Ranchers and conservationists have long been at odds over how to manage the populations of predators at the top of the food chain. Now that wolves have been recently delisted from the Federal Endangered Species Act, state governments in Idaho, Montana, and Wyoming are wasting no time organizing hunts to reduce the animals' numbers, citing increased attacks on cattle as the reason for the culls. Conservationists are planning to respond with lawsuits against the federal government to attempt to bring the wolves back on the endangered list.
At the center of the argument is whether or not the animals have recovered substantially enough to absorb a sudden decline. By delisting the wolves, the federal government has acknowledged the successful stabilization of the population, but conservationists argue the numbers have to increase by twofold before there are enough breeding pairs to insure continued genetic success. State officials plan to reduce the overall western population by up to a third, a number Earthjustice—a nonprofit environmental law firm taking up the question in the courts—says is too low, too soon.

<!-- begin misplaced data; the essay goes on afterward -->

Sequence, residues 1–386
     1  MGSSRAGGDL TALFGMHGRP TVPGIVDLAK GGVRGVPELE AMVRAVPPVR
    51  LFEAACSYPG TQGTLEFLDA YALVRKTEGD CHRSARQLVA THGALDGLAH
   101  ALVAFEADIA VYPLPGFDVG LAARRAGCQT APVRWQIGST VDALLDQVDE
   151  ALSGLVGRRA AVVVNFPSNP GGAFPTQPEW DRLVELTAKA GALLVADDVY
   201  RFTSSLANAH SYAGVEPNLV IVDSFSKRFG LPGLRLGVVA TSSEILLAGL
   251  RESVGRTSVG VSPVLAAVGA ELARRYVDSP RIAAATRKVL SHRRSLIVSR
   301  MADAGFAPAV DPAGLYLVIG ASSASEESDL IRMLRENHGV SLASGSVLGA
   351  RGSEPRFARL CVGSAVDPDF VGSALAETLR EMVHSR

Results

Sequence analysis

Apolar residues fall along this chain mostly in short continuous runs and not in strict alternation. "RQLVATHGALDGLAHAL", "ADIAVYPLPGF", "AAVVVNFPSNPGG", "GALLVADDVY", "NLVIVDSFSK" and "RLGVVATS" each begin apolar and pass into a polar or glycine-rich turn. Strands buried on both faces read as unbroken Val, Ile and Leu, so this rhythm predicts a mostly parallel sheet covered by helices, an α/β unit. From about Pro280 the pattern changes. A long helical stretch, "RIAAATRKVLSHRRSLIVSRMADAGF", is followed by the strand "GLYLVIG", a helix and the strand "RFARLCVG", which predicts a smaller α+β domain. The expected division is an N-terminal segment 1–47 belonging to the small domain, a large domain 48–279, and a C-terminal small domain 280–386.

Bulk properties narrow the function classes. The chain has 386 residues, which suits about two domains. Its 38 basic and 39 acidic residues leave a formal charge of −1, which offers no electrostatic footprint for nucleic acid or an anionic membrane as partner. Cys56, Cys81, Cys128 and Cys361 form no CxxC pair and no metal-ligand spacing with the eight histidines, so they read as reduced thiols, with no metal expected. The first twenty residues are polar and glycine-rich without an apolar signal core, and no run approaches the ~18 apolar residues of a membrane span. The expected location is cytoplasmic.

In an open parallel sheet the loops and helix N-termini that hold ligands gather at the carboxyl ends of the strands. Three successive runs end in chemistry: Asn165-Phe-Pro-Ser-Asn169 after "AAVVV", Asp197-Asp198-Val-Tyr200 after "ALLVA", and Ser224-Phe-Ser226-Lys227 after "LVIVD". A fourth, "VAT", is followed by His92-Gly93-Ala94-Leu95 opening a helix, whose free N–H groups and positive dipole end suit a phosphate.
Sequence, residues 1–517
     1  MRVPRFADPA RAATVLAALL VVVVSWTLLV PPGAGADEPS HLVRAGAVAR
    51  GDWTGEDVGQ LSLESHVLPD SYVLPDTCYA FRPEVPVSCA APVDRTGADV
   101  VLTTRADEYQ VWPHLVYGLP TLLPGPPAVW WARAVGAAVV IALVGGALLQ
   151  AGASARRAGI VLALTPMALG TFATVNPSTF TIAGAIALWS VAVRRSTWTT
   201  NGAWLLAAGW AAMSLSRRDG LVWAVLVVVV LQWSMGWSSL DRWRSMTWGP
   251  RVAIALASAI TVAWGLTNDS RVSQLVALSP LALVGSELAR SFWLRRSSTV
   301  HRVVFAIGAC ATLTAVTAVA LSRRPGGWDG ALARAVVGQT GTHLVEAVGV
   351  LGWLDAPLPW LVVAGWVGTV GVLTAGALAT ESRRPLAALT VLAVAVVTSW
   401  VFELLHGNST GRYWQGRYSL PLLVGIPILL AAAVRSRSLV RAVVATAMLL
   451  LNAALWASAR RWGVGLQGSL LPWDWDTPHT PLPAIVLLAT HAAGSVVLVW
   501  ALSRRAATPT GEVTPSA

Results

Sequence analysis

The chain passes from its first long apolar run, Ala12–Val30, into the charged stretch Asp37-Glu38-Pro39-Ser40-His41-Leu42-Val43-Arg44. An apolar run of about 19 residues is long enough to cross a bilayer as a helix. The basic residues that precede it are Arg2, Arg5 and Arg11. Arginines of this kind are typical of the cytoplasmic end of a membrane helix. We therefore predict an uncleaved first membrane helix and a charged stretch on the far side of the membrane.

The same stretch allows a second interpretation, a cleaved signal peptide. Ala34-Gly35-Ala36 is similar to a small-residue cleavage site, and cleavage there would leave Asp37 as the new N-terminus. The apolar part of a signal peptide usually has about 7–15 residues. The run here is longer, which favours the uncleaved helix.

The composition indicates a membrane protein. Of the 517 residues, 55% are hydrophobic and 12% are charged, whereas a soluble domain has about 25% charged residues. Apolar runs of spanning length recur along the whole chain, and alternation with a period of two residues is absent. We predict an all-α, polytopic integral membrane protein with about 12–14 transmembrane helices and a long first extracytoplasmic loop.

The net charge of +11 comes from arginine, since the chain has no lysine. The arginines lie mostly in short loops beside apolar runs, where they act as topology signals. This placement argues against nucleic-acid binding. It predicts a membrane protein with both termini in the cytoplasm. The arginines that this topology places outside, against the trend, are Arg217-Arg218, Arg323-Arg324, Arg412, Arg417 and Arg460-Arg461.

Five amazing, clean technologies that will set us free, in this month's energy-focused issue. Also: how to build a better bomb detector, the robotic toys that are raising your children, a human catapult, the world's smallest arcade, and much more.